Artificial Knowledge Is Power
by Chris De Benedetti
Creating a cutting-edge program based on the ideas of a 300-year-old British minister sounds like the punch line to a Web geek's bad joke.
Meet entrepreneur Michael Lynch. When Net experts call him the Bill Gates of Europe, they're not kidding. He's the founder of Autonomy, a knowledge-based software start-up, and Britain's first billionaire at the ripe old age of 35.
When Lynch studied the Rev. Thomas Bayes' mathematical theorems, he knew the 18th-century minister's formulations could change his doctoral research on pattern recognition. What he couldn't know was that Bayes' ideas would
inspire Lynch's two successful start-ups and possibly revolutionize artificial intelligence on the Web.
|Prime Mover: Michael Lynch|
Founder and CEO
Founded Neurodynamics Ltd. Then founded Autonomy in 1996. Created an algorithm that explains how to predict occurrences based on prior related events.
Cambridge University — Ph.D., 1988
Based on Bayes' probability theorem — which mathematically explains how to predict occurrences based on past, related events and present conditions — Autonomy licenses artificial-intelligence software to more than 200 of the world's biggest companies.
"Computers are very obsessed with black and white ... and ideas are not like that, they're expressed in different ways," says Lynch. "What you need is a technology which understands the shades of gray in the world. Somehow, Bayes understood that 250 years ago."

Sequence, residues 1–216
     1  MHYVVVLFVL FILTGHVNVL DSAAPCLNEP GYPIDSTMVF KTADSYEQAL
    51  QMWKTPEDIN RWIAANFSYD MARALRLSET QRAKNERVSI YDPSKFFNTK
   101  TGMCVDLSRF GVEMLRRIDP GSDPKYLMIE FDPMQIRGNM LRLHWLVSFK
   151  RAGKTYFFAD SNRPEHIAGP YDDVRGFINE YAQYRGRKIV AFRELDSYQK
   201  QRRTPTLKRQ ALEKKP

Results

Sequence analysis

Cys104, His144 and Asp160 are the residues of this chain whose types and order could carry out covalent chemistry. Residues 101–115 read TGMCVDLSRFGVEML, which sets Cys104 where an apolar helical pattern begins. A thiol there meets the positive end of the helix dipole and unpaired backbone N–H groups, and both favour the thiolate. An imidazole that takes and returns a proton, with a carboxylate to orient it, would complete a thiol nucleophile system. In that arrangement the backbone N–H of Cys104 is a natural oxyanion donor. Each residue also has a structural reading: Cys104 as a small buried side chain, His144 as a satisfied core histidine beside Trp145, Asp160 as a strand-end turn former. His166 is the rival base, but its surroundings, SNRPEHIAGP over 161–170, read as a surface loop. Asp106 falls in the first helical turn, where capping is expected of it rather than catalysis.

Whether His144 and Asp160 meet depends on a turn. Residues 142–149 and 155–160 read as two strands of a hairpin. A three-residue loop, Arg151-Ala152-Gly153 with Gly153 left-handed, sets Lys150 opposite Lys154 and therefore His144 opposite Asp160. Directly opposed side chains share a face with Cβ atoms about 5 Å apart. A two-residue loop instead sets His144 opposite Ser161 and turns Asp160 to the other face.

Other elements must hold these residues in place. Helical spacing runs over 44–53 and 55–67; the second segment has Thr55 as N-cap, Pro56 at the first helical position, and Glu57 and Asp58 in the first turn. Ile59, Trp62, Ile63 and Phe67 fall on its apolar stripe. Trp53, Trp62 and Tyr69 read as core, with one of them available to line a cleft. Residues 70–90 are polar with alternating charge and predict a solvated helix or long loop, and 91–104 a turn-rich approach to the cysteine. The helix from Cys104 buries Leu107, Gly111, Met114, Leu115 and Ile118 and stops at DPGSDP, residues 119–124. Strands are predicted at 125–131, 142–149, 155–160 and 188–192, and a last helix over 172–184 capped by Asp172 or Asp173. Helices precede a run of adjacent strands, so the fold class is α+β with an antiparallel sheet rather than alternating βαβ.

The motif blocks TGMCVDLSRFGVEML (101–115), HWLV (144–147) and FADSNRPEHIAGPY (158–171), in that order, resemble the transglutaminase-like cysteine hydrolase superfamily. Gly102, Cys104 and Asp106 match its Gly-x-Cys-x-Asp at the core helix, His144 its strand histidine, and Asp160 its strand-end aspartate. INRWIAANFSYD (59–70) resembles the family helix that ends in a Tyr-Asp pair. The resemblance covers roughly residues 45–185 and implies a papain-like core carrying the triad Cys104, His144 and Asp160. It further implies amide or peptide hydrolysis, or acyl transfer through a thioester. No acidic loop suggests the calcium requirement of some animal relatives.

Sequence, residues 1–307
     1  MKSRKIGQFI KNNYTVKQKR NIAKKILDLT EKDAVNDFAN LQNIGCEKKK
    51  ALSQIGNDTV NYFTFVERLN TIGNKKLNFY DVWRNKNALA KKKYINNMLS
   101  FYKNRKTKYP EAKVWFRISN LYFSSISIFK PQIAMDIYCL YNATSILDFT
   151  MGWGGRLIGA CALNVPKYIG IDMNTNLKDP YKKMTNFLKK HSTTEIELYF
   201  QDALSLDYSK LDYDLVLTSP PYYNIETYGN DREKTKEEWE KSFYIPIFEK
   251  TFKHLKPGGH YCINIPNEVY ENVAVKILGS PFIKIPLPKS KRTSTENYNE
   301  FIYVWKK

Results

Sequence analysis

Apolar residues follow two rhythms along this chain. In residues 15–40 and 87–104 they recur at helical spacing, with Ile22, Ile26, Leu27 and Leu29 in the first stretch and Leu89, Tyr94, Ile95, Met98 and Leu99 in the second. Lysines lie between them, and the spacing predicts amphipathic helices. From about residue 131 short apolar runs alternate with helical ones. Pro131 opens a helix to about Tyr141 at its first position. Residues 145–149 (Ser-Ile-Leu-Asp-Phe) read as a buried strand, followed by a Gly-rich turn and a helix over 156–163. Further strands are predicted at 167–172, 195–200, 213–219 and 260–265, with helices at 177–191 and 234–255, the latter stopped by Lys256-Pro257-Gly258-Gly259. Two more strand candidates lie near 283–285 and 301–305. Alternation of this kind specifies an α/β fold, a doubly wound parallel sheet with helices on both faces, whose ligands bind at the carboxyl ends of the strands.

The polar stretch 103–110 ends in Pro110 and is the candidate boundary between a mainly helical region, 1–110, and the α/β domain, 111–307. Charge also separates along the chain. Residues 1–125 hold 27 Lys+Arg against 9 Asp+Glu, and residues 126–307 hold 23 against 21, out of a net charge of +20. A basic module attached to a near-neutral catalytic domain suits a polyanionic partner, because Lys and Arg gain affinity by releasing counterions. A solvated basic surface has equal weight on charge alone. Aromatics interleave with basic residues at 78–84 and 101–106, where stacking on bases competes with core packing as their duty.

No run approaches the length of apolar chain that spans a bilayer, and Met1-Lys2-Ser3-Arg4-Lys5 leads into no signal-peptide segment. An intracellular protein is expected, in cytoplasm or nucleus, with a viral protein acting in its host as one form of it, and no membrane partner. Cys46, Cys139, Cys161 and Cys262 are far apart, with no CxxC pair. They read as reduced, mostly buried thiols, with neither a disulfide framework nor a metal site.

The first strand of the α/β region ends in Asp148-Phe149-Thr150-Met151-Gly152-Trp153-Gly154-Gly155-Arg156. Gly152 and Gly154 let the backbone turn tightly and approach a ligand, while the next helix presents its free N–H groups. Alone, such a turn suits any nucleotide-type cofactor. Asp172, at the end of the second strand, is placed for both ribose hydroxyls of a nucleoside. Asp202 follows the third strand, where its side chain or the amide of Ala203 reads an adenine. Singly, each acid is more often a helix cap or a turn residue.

Lynch's software organizes unstructured information from complex company databases by extracting meaning from its words and context. The software has myriad uses, including e-mail routing, marketing and sales automation, and business intelligence.
Enough with the egghead talk. As your grandfather might say, cut to the chase. Well, that's the point, according to Lynch. In an industry overloaded with text, Autonomy's software takes all that messy, unorganized data and streamlines it for large companies in a wide range of ways.
But, the real kicker is that the software hinges on mathematics — and is not limited by language or culture — thus, it truly has global, uniform appeal. "We realized that if you viewed it (software) as a mathematical problem ... you have a system that can deal with the real world," explains Lynch. "It can learn slang, it can learn ideas expressed in different ways. That was a magical moment."
Silicon Valley is virtually littered with the corpses of brilliant ideas that couldn't find a niche. Autonomy is not one of them. A first IPO in Europe netted $165 million, and a second offering in May raised another $109 million. The 4-year-old company already has a market value of more than $6 billion. Though Bayes' theorems may have lain dormant in Cambridge's musty halls for 250 years, all it took was a mathematician nearly as brilliant to find practical applications for it. Without the global proliferation of the Web, Lynch's inspiration might have met the same obscure fate.
"You may have a wonderful piece of technology. And then you realize that actually can count for very little," says Lynch. "...So, what is nice is when you do have a technology which is really of the next generation, and being able to have the infrastructure around it to actually exploit that and put that into place." Given his prompt success, it's not surprising Lynch imagines even greater benefits from the Internet. "I think it's actually more powerful than the Industrial Revolution," he says.
"(That) was about muscle and organization. Here, it's about leveraging something which is far more magical, which is the human brain."
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